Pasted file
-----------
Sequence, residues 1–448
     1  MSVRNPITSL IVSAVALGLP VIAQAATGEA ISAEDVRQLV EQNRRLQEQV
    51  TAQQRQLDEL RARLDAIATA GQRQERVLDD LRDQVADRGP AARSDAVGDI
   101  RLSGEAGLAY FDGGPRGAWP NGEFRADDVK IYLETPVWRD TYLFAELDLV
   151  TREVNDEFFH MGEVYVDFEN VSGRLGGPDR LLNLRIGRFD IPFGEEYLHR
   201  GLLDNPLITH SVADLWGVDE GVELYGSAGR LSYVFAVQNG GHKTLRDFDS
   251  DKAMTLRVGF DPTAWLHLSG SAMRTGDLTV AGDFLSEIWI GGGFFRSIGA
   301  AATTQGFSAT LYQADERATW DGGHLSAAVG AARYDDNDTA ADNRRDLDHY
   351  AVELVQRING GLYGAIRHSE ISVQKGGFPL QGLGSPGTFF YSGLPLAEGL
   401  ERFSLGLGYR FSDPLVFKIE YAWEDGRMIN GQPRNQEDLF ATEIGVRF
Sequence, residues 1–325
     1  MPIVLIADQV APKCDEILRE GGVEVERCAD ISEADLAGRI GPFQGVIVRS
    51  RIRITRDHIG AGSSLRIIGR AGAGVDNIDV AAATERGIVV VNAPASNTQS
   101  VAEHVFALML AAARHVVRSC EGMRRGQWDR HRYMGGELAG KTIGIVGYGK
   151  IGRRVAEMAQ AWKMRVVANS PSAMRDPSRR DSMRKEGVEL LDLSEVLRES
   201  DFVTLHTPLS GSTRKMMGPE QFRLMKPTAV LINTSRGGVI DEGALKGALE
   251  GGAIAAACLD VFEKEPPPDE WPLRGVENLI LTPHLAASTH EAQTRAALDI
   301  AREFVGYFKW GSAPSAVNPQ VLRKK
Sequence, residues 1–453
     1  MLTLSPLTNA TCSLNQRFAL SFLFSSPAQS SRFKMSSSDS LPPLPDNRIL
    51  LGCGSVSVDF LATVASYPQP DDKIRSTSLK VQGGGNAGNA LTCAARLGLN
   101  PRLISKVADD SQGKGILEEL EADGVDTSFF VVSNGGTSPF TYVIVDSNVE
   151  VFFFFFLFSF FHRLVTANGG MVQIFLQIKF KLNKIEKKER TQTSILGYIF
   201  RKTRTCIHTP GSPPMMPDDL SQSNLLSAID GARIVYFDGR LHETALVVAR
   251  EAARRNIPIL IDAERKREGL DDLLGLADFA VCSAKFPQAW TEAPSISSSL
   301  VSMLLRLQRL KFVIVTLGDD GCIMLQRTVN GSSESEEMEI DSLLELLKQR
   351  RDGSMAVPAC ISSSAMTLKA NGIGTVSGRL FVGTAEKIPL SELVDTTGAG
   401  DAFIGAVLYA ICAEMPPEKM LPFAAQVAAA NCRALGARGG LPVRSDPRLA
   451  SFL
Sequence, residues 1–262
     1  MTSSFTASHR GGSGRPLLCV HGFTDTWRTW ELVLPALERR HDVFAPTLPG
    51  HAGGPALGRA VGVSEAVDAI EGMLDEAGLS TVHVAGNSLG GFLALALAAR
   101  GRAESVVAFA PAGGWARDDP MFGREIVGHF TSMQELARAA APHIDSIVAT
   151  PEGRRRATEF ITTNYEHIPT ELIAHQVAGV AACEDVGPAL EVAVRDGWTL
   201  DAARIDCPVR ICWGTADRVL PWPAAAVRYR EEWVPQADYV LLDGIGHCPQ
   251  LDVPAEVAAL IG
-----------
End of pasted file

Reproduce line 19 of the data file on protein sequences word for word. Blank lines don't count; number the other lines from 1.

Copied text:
Sequence, residues 1–453